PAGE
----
This second approach may be more useful to generalize a paper-and-pencil algorithm. Basically what we did was to multiply the divisor by a power of 10 to make it into a whole number. Then, the dividend must be multiplied by the same power of 10 - since the length of the wire is now that many times as long, it should weigh also that many times as much. Then, we can simply divide the new weight by the new length, we can find the weight for 1 meter. Therefore,

Another way of describing this process is to move the decimal point of the divisor (the number outside of the long division symbol) as many places as necessary to the right to make it into a whole number. Then, move the decimal point of the dividend the same number of places to the right as well - annexing 0's if necessary. Then, we can perform long division as we have done previously - either a whole number divided by a whole number or a decimal number divided by a whole number. Again, this is the familiar algorithm, isn't it?

As we saw in the three recent posts, the familiar multiplication and division algorithms can be meaningfully derived using only our knowledge of whole numbers and the idea of relative size of numbers. In the Japanese standards, they discuss decimal multiplication and division first because the algorithms are essentially the same as those of whole number multiplication and division. Thus, when students study multiplication and division, they can focus more on extending the meaning of multiplication and division. Then, when students study multiplication and division of fractions, they do not have to worry about dealing with the new meaning of operations AND the new algorithms. It is not clear if the GPS writers had the same intent, but I hope you see how students can develop multiplication and division algorithm for decimal numbers without knowing multiplication and division of fractions.

## Sunday, November 9, 2008

### M5N3 Multiplication & Division of Decimal Numbers (2)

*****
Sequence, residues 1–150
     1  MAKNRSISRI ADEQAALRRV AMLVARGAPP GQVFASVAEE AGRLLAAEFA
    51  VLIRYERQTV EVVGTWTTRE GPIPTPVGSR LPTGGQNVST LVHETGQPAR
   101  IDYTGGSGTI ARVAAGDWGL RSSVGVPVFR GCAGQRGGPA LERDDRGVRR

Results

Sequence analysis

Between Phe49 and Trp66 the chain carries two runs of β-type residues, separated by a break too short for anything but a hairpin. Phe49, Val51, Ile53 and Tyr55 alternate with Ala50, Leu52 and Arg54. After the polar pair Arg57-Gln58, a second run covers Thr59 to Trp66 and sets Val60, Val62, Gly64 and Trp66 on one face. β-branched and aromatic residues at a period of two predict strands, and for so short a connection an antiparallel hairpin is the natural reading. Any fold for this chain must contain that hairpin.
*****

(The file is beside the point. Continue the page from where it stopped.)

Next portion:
M5N3. Students will further develop their understanding of the meaning of
multiplication and division with decimal fractions and use them.

In the last post, I discussed how the idea of relative size can be used to think about multiplying and dividing decimal numbers by whole numbers - M4N5(d). In this post, I want to continue to the next step, multiplying and dividing by decimal numbers. As I discussed in October, 2007, when the multiplier and the divisor is something other than a whole number, we must extend the meaning of division from an equal-group perspective to a more proportional one. Let's look at the two problems I left as "homework" last time.

Problem 3
One meter of wire weighs 2.4 grams. How much will 1.8 meters of the same wire weigh?

Problem 4
A wire that is 2.4 meters long weighs 3.6 grams. How much will the same wire weigh if it is 1 meter long?

Clearly, in Problem 3, we must multiply 2.4 by 1.8, while in Problem 4, we must divide 3.6 by 2.4. Since these situations involve a decimal multiplier and a decimal divisor, we can no longer use the equal group interpretation of multiplication and division - what does 1.5 or 2.4 groups mean? Rather, we must look at these situations more proportionally. In Problem 3, we are asking, if 2.4 is to 1, how much is to 1.8, and in Problem 4, if 3.6 is to 2.4, what is to 1? Alternately, if you use multiple comparison idea, Problem 3 asks how much is 1.5 times as much as 2.4, while Problem 4 asks 3.6 is 2.4 times as much as what?